Science has become the new religion. I used to feel guilty about masterbating, now I feel guilty about eating steak and contributing to more cow farts in the atmosphere. Then again, it could be that masterbating doesn’t hold the same appeal as it once did.
Still that doesn’t mean something isn’t going on. CO2 occurs naturally and in abundance to what humans have produced. It’s a balance we may well have fucked up.
The future could be as bleak as is reported, while we live in the most generous of times. Where more people than ever on earth have access to healthcare and food and water. Where we should be counting our lucky stars. Mostly because of science
Perhaps only science can save us. Is there a way to gobble up this, seemingly minute, compared to natures production, but devastating CO2, that has perched us on this precipice?
I love my children and grandchildren. I try to show them the happiness in having less, or having more in less.
The stories of kindness and living simply are not meant to make them weak but strong in the future.
The bird calls, the first spuds from a well tended garden, the cones on top of trees framed in a blue sky. The river high and low and the difference between seasons.
Perhaps I am a fool, shy of two digits while the world’s clock ticks towards midnight.
The look Willow gives trying to convince me to give her a bite of my breakfast.
It works every time.
Thundershowers on and off this past week. It is something we haven’t seen for the last few years. Thunder, yes, showers, no. Lightening without showers is hazardly in a bone dry forest, as the last two years have proven. With luck we won’t have smoke filled skies this year.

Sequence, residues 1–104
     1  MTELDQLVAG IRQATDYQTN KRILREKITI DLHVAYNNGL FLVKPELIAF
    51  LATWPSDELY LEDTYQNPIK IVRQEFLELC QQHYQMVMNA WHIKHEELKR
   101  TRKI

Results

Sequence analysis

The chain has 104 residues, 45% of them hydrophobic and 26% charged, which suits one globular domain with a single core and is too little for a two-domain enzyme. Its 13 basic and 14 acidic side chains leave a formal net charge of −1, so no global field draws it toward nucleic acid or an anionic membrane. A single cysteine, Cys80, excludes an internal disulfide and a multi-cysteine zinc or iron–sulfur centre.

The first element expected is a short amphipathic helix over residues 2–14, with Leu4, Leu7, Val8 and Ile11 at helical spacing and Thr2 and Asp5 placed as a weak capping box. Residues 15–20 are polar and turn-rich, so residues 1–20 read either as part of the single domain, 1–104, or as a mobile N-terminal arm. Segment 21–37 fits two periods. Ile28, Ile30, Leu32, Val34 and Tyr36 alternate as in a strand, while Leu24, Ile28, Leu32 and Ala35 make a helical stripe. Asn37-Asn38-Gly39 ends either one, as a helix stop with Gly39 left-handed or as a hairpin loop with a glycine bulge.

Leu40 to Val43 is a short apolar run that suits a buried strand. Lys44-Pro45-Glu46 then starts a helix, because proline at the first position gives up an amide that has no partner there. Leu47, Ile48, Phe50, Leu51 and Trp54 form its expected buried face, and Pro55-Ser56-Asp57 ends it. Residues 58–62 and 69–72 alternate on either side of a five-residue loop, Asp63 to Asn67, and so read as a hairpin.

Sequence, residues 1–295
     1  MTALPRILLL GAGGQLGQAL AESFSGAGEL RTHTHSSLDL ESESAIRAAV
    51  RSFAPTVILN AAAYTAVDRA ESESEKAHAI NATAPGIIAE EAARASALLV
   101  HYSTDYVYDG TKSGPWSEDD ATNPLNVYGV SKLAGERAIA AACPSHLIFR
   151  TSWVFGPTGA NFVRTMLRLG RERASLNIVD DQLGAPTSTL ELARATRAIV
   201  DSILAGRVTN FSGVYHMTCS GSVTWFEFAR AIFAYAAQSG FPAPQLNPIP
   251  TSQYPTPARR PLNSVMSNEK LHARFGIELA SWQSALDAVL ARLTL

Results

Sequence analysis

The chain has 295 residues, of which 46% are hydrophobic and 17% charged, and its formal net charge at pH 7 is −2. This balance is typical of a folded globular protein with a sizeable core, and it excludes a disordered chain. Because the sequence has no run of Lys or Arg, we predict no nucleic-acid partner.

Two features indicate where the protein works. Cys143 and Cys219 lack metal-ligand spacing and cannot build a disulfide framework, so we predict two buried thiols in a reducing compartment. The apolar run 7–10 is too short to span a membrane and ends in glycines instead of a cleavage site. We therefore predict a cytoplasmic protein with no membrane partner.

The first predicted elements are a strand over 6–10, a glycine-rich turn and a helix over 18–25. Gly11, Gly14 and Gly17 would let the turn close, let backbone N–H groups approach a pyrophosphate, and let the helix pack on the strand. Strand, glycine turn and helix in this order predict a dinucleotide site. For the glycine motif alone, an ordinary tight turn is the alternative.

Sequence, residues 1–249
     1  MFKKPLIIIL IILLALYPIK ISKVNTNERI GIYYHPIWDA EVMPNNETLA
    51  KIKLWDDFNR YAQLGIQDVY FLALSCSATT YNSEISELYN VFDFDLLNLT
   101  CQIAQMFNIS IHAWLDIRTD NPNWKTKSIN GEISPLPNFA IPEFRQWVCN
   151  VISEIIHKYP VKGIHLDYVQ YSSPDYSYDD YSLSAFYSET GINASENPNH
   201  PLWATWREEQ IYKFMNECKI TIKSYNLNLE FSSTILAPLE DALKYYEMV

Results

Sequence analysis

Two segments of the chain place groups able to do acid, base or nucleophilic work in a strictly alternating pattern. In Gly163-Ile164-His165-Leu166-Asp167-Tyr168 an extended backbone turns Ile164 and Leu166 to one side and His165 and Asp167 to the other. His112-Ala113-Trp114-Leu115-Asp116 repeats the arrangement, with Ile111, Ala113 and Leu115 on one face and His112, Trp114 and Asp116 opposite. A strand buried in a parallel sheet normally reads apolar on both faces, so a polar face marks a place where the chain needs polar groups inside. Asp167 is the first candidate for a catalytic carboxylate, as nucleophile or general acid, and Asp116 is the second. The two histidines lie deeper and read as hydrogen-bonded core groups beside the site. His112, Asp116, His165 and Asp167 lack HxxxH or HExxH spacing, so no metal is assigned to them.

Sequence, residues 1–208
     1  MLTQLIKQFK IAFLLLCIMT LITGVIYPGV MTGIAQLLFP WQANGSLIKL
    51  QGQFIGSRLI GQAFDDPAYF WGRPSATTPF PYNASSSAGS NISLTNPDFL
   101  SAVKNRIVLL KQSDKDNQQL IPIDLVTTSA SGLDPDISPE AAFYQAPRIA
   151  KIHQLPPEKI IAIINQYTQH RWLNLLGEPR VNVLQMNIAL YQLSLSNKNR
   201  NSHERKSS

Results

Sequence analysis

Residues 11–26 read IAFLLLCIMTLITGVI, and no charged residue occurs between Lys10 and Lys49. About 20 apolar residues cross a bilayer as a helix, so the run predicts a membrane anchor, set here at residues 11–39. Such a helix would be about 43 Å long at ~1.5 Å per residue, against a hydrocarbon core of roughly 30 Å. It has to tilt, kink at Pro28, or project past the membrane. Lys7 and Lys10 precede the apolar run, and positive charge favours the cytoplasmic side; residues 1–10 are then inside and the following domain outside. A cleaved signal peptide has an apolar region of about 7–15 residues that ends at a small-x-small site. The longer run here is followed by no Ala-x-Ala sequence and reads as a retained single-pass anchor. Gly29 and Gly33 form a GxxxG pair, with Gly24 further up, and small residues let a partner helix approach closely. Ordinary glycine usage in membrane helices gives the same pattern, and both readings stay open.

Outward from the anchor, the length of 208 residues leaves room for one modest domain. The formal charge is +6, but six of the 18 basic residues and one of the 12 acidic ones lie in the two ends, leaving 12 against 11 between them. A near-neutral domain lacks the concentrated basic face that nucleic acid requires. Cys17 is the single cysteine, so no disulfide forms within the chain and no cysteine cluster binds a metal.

The garden is benefitting from the moisture and lightning that releases nitrogen. I have long noticed a growth spurt after thundershowers.
The garden is beginning to produce, we have wonderful salads each night, consisting of a mix of about ten different greens.
A small Song Sparrow weathers the storm.
Lisa, Willow and I were back in the bush today cutting firewood. We got most of it done between storms.
Very fine day.
It was a quick trip into the bush this evening. It has been busy with work. Usually in bed before the sun is down.
We were looking for the next wild orchids. After the Calypso comes the larger Yellow species. These are said to be quite rare. They often grow by springs that arise from the mountain side.
The first cub is waisting no time getting hid.
Although still warm from the day, we saw a female Black Bear and two cubs on the road going up. I worry for these bears. Even though there is no hunting season for them right now, they are often poached for certain parts (feet, gallbladder, head) to be sent overseas.
The orchids were there waiting when we arrived. Very fine evening.
Willow sporting her new haircut.
We got a new dog. . . well not exactly. It took two sessions but we gave Willow her annual stripping.
Wire Haired Dachshunds grow a thick wiry coat over winter and it has to be ‘stripped’ in spring. This is done by grabbing a few hairs at time and pulling them out.
Willow with her winter coat digging for spring mice.
It is not that bad because the hair has loosened and needs to come out. I’m not sure if the hair is even really attached to her anymore, but held in place by all the other long wire hair.
Once it is out they have a smooth soft coat for summer.
Cooper and Willow wrestling over a stick.
Although it doesn’t hurt her, Willow doesn’t like it. She endures Lisa and I pulling, while she thinks of hunting, letting us know if we grab a couple more hairs than acceptable.
At the end of it we have half a dog as what we had at the beginning.
Willow trying to talk me into a late night fetch.